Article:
I was starting to look harder at the query operation in the ArcGIS Server REST API today to figure if I can leverage it to get specific results I needed instead of building my own REST services. The scenario I was looking at was to be able to get the records corresponding to the minimum and the maximum values in a given field. To provide an example, let’s say you have a ‘States’ layer with a field called ‘POP2008’ that contains population numbers for the year 2008. In this case, I want to obtain the state records with the minimum and the maximum population for the year 2008. At the outset, there didn’t seem to be a way to do it. After spending some time investigating the possibilities with the REST API query operation, I found that the above was in fact possible. Assuming that the FeatureClass name of the ‘States’ layer is ‘States_DTL’, the query below will produce the desired results.

POP2008 = (SELECT MIN(POP2008) from States_DTL) OR POP2008 = (SELECT MAX(POP2008) from States_DTL)

I was surprised to find out that I was able to use the name of a FeatureClass in the query. Agreed, the user of the REST API will/might not know the name of the FeatureClass. But the user could get lucky and be able to guess the name of the FetaureClass after ‘n’ tries. The FeatureClass / Table being used doesn’t even need to be a part of the MapService. I am not yet sure about how far this behavior can be exploited. Nevertheless, I found that this behavior was a little more than interesting.

Flashing a graphic in the ESRI Silverlight API

Posted in ESRI, Silverlight by viswaug on May 28, 2009

Being able to flash a shape on the map is a nice usability feature in GIS applications to relate shapes on the map to attributes in a data table or data grid. Also, most GIS users have gotten used to the feature in ArcMAP. I had written up an extension method to the Graphic class in the ESRI Silverlight API to be able to do this easily with a simple function call. Here is the code for the extension method.

        public static void Flash( this Graphic graphic )


            Flash( graphic, 200, 10 );



        public static void Flash( this Graphic graphic, double milliseconds, int repeat )


            int count = 1;

            repeat = repeat * 2;

            Symbol tempSymbol = graphic.Symbol;

            Storyboard storyboard = new Storyboard();

            storyboard.Duration = TimeSpan.FromMilliseconds( milliseconds );

            graphic.Symbol = null;

            storyboard.Completed += ( sender, e ) =>


                if( count % 2 == 1 )

                    graphic.Symbol = tempSymbol;


                    graphic.Symbol = null;


                if( count <= repeat )








After including the above extension method in your project just call the ‘Flash’ method on the graphic object


Note that I am using the Storyboard as the timer which is preferred over of the DispatcherTimer.

This has also been added to the ESRI Silverlight API Contrib project here.

Silverlight databinding limitations

Posted in ESRI, GIS, Silverlight by viswaug on April 14, 2009

Target of databinding in Silverlight “HAS” to be a “FrameworkElement” and not just a “DependencyObject” like in WPF. I am not sure that there is a reason why databinding to “DependencyObject”s in Silverlight is explicitly omitted by Microsoft. Seems like it might be an oversight. But even after many people have complained about it in the forums, the databinding to “DependencyObject”s feature doesn’t seem to be included in the beta version of the latest Silverlight 3 library.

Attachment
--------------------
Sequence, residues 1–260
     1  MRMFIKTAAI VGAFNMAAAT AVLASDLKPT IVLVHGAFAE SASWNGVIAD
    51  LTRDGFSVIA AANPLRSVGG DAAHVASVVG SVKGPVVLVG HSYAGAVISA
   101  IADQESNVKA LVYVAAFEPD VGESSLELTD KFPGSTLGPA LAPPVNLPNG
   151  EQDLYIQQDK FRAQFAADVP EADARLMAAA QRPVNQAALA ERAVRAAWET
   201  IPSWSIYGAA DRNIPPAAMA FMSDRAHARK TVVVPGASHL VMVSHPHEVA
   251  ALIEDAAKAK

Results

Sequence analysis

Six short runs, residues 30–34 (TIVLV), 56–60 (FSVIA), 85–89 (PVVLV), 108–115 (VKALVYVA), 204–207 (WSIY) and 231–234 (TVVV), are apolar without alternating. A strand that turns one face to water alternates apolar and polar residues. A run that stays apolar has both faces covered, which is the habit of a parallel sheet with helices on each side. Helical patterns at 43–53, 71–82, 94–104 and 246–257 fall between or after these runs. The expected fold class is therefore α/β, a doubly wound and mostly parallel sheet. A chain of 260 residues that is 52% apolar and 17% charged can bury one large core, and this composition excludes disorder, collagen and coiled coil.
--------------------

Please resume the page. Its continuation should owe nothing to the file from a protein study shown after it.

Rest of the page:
So, what does that mean"? Where does it really become a limitation? Well, it really does limit our options when trying to databind values to the “Transform” classes like the “RotateTransform”, “ScaleTransform”, “SkewTransform”, “TranslateTransform” etc. Let’s say that you are symbolizing your points as an Ellipse or a Rectangle, and you want to be able to size your symbols based on some value in the Attributes collection of your Graphic. The best way to do this would be to apply a ScaleTransform on the Ellipse or Rectangle (on the RenderTransform property) and databind the attribute values to the ScaleX and the ScaleY dependency properties of the ScaleTransform. But since the ScaleTransform is only a DependencyObject and not a FrameworkElement, we cannot bind to the ScaleX and ScaleY properties of the ScaleTransform. This scenario can easily be solved by binding to the Width and Height property of the Rectangle or Ellipse. But there are a lot of other scenarios that cannot be overcome as easily. Like for example, you will not be able to label along a line by databinding to a RotateTransform on a TextBlock for example. Also in the ESRI Silverlight API, we cannot apply a TextSymbol to a polyline or polygon geometry.

Reason why JSON output is going to be much faster in ArcGIS Server 9.4

Posted in ESRI by viswaug on April 2, 2009

At this year’s ESRI dev summit, ESRI was showing off how the performance of the JSON output generation by the ArcGIS Server REST API is going to be much faster. I was curious as to how this could be since it is the same JSON that is being generated. The answer turned out to be pretty simple. Here is how JSON is generated today


As you can see from the image above, at 9.3 the ArcGIS Server REST API does the work of reading (deserialize) the JSON sent in from the client (browser) over HTTP and converts (serialize) that appropriately into a SOAP message. This SOAP message is then sent over DCOM to the ArcGIS Server 9.3. The ArcGIS Server then converts the SOAP messages to ArcObjects types and does the work it needs to do. When the work is done, the ArcObjects types are converted back to SOAP and sent back to the REST API. The REST API then converts the SOAP types back to JSON and then sends the JSON results back to the client(browser).

In the 9.4, the JSON is going to be generated at the ArcGIS Server itself and thus avoiding a lot of serialization & deserialization to and from SOAP / JSON. Avoiding these intermediary data conversion steps are the primary reason for the increased performance of JSON output in 9.4.